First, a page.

Do auxiliary verbs always serve to express a mood or aspect that is different from simple indicative (or a tense)? Or are there cases where a sentence is in simple-indicative-present with the presence of an auxiliary verb?
No, the use of auxiliaries is not directly linked to aspect, mood or tense in the first place. This may be so in some or many cases by coincidence when morphological or syntactic marking is not available, but the link between auxiliary verbs and TAM is not a logical necessity.
On the one hand, there are (even in English) cases where the use of auxiliaries does not change aspect/mood/tense:
- They charged him --> He WAS charged (change to passive voice, but not indicative or tense)
- You realize --> You DOn't realize (negation, same tense and mood)
- He responds --> DOES he respond? (qustion formation, grammatical change but not about mood, tense or aspect)
- I think --> I DO think (enforcement, no kind of grammatical change)
On the other hand, there are numerous cases where TAM is expressed other than by an auxiliary verb:
- I play --> I playED (morphological marking of tense)
- You wash the dishes --> Wash the dishes (imperative mood by syntactic marking)
- French: Tu pars --> Je veux que tu PARTES (subjunctive mood)
- langauges with evidentiality, apectual, ... affixes
And there are even cases where an auxiliary is used for indicative present, namely present progressive (if you take this as the "normal" present) in English:
- Mary IS cooking
So the answer is no, auxiliaries do not always express TAM differing from "simple indicative present", not even necessarily grammatical features.
No, auxiliary verbs don't always express something other than simple indicative. Yes, there are cases where a sentence with an auxiliary verb is in the simple indicative. For instance, "Hal is a fisherman." The "is" is an auxiliary verb, since it inverts with the subject in the corresponding yes-no question "Is Hal a fisherman?", and it is a simple indicative.
No, e.g. in Czech, the past tense is expressed by the copula verb "být" (to be) and the past participle of the main verb. It is the main verb that expresses the aspect (perfective/imperfective).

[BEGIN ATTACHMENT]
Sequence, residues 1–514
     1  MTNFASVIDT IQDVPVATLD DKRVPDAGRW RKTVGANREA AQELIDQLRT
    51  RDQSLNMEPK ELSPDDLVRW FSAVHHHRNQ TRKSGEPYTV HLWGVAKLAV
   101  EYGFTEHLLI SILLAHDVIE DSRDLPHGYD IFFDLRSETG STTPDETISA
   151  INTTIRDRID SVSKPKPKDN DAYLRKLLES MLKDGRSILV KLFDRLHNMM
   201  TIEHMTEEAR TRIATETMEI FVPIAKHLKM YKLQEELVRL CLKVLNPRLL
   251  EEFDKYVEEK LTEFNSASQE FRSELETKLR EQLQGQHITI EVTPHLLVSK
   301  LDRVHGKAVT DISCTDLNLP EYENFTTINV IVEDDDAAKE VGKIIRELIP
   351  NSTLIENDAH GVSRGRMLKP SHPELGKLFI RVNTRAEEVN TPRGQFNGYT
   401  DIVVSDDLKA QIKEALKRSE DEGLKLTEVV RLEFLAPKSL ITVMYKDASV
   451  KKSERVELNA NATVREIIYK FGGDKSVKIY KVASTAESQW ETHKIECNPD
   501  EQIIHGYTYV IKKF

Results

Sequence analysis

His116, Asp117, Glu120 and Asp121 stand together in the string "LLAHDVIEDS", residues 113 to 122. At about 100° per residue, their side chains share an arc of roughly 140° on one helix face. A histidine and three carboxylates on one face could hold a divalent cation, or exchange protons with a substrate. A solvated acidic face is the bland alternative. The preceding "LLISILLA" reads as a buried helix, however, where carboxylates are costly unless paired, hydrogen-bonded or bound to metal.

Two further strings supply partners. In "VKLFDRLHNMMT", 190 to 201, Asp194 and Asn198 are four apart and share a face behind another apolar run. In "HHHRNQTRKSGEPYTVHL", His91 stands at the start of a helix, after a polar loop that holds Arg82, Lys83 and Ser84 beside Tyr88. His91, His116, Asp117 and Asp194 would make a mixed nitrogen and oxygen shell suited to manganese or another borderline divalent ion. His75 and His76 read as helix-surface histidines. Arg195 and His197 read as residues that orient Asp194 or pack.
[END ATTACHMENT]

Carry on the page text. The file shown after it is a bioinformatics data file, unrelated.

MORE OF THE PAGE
Dělal jsem - I did / I was doing (imperfective aspect)
Udělal jsem - I did / I have done (perfective aspect)
On the other hand, the mood is expressed on the auxiliary
Dělal jsem - I did
Býval bych dělal - I would have done
So this is language dependent and structure dependent.
E.g. in Czech it is currently impossible for the verb "být" to take over the aspectual function in the past tense as this is one of the few verbs that do not distinguish perfective/imperfective aspects. On the other hand in the future tense, the imperfective verbs form future with synthetic future tense of "být" + infinitive of the main verb, while for perfective verbs, the future is expressed merely by their "morphological present", since there is nothing like perfective present tense:
Dělám - I do / I am doing (imperfective aspect, present tense)
Udělám - I will do / I am going to do (perfective aspect, future tense expressed by "morphological present")
Budu dělat - I will do / I will be doing (imperfective aspect, future tense)
So here, the aspect is kind of expressed by the presence of the auxiliary (if not on the auxiliary, again the copula verb does not distinguish the aspect) - this can be seen with verbs that normally do not distinguish aspect (typically verbs of latin origin)
Informuji - I inform / I am informing (imperfective, present)
Informuji - I will inform (perfective, future - expressed by "morphological present)
Budu informovat - I will inform / I will be informing (imperfective, future)
In Portuguese, there are at least two different kinds of auxiliary verbs.
First, there are syntactical auxiliaries, that change grammatical features of the main verb. Those are ir (to go), ser (to be), estar (to be, too, but the meaning is quite different from "ser"), ter (to have), and haver (to have, but in different contexts - and, no, it is not a cognate of "have"; their similarity is a mere coincidence).
Ser is used for changing voice, not tense or aspect:
Joana processou José. - Jane sued Joseph.
José foi processado por Joana. - Joseph was sued by Jane. (foi is the past simple of ser.)
The others are used for tense/aspect modification. Ir + infinitive of the main verb indicates future or conditional, estar + gerundive of the main verb expresses "imperfect" (or continuous) aspect, ter and haver + past participle of the main verb express perfect aspect:
Eu vou dormir. - I am going to sleep. (Vou is the indicative present of ir.)
Eu ia dormir. - I was going to sleep.
Eu estou brincando. - I am joking.
Eu havia dormido. - I had slept.
Eu tenho dormido. - I have been sleeping.
Those verbs can also be used as main verbs on their own, with perhaps the exception of haver, whose present indicative, há, seems to be evolving into some kind of particle - to the point that there is generalised confusion with the homophone preposition a.
Second, there are "modal" auxiliaries that change the semantics of sentences, such as querer (to want), poder (can), precisar (to need), parecer (to seem), without messing with tense or aspect (unless they are themselves flexed for tense/aspect).